Research Paper – Antitrust
The purpose of this paper is to discuss antitrust law with regard to federal regulations. In the form of a case study, this paper will examine the legal obstacles faced by the merger proposal between US Airways Group Inc. and American Airlines' parent corporation AMR. The focus of the paper is to examine the legal hurdles posed by antitrust laws used to block the merger and then briefly explore possible ethical issues associated with allowing US Airways Group Inc. and AMR to merge. Antitrust Laws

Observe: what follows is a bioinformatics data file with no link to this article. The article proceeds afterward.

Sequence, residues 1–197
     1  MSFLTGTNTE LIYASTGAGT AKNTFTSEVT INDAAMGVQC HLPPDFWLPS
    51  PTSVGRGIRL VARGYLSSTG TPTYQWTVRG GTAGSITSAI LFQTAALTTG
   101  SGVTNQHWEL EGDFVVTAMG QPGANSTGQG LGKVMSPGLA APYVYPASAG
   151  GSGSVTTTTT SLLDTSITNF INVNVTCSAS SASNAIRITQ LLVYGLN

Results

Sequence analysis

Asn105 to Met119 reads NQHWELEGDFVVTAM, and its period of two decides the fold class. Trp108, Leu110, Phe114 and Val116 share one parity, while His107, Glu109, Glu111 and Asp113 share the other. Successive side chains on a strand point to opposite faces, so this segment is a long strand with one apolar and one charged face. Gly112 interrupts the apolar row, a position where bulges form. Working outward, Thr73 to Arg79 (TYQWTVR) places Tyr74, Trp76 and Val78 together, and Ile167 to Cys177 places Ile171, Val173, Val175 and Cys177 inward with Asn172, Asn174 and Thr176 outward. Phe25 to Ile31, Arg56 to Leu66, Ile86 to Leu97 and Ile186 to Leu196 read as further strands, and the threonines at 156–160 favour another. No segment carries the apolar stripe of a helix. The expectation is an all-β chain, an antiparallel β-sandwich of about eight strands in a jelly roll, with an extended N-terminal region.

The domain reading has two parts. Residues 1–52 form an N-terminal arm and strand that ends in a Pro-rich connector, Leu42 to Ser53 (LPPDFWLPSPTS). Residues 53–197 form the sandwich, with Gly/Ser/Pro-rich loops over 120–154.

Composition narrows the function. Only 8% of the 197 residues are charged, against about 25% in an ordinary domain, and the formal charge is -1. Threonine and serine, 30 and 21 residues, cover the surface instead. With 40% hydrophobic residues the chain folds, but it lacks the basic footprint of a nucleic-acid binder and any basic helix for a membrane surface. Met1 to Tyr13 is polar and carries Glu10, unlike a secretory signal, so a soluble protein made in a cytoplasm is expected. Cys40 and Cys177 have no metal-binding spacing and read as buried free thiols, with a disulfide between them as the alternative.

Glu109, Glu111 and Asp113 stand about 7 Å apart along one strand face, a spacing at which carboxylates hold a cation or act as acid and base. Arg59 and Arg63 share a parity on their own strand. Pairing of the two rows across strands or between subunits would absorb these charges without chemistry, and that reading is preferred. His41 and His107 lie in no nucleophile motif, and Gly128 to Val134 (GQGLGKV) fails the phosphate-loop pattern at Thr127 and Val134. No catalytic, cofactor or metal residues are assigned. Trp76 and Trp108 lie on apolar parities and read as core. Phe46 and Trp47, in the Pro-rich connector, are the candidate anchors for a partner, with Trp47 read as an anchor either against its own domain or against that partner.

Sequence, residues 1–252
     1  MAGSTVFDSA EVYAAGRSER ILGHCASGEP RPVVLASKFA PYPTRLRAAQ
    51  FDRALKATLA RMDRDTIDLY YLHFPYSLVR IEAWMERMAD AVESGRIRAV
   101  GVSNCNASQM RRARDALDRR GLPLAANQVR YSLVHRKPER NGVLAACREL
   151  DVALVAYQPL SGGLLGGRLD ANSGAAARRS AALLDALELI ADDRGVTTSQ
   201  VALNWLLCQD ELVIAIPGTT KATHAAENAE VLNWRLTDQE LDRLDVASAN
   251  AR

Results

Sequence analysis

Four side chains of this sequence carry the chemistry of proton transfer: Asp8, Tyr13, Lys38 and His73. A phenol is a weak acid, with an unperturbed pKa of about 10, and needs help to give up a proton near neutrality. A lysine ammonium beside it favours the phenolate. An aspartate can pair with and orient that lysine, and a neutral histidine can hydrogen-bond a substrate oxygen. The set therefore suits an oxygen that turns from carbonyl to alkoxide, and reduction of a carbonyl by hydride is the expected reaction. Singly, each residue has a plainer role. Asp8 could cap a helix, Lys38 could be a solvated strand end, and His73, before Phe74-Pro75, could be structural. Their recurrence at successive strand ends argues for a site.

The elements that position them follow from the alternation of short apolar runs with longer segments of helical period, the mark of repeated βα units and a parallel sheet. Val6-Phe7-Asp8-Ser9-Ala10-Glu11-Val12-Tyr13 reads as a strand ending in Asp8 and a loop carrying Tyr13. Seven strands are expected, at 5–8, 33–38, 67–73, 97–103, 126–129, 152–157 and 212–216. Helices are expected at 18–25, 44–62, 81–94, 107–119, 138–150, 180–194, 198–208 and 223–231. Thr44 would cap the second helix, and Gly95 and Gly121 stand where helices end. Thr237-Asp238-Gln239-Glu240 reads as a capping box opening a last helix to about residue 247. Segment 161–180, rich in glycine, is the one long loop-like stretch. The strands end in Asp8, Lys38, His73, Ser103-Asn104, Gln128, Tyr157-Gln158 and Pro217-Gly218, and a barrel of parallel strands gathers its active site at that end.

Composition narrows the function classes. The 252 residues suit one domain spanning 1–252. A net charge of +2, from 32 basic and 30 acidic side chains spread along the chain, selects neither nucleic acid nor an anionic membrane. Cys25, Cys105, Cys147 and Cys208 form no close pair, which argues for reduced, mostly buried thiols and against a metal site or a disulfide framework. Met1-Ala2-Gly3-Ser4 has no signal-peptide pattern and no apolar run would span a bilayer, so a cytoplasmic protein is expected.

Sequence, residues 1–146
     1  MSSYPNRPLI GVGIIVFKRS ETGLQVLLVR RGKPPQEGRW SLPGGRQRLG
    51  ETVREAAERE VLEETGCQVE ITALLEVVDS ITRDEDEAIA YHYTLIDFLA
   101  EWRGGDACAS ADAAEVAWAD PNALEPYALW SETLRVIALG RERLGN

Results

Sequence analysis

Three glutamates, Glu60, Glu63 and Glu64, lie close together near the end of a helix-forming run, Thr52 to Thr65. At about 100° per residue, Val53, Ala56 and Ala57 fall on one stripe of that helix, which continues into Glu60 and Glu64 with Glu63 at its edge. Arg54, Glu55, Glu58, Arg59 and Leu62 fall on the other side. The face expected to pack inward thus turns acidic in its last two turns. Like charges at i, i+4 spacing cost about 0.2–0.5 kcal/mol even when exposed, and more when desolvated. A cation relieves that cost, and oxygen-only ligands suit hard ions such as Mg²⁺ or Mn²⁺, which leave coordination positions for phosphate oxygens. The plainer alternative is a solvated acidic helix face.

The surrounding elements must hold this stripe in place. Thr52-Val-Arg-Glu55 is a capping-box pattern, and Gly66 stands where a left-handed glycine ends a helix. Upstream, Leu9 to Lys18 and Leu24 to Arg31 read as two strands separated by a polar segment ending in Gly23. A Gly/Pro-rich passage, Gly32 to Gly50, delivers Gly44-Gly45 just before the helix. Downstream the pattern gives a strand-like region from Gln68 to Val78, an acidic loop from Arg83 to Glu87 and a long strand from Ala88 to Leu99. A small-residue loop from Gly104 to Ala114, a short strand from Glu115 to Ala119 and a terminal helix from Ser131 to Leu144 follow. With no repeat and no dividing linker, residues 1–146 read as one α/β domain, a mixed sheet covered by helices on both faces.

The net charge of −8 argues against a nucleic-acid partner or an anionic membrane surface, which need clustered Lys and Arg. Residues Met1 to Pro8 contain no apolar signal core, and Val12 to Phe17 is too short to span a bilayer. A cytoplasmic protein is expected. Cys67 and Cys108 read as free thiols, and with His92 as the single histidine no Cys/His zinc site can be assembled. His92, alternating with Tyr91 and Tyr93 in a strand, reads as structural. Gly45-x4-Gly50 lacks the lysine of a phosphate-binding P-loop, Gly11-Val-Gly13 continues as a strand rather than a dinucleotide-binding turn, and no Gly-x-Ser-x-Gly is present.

There are three core federal antitrust laws in effect today in our US legal system. They are the Sherman Act, The Federal Trade Commission Act, and the Clayton Act ("Antitrust", n.d.). The Sherman Antitrust Act (Sherman Act, July 2, 1890, ch. 647, 26 Stat. 209, 15 U.S.C. § 1–7) is an antitrust law primarily aimed at prohibiting the formulation of monopolies by making them a felony offense. As the Sherman Act evolved the US Supreme Court decided that monopolies in and of themselves are not bad and do not automatically violate the Sherman Act. Instead, it is the particular actions taken to obtain or maintain monopolistic positioning that is illegal ("Sherman", 2008). The Federal Trade Commission Act (15 U.S.C. § 45: US Code - Section 45: Unfair methods of competition unlawful; prevention by Commission) has a primary duty of prohibiting actions within commerce that are deemed unfair to competition ("15 U.S.C. § 45", n.d.). The Clayton Act (15 U.S.C.A. § 12 et seq. ) is an addition to the antitrust laws primarily used today to prohibit certain types of business practices making them illegal when their usage severely restricts competition and/or creates a monopoly. The practices specifically addressed in the Act are price discrimination, making it illegal to sale the same product to different people in the same market at different prices; tying and exclusive dealing contracts, making it illegal...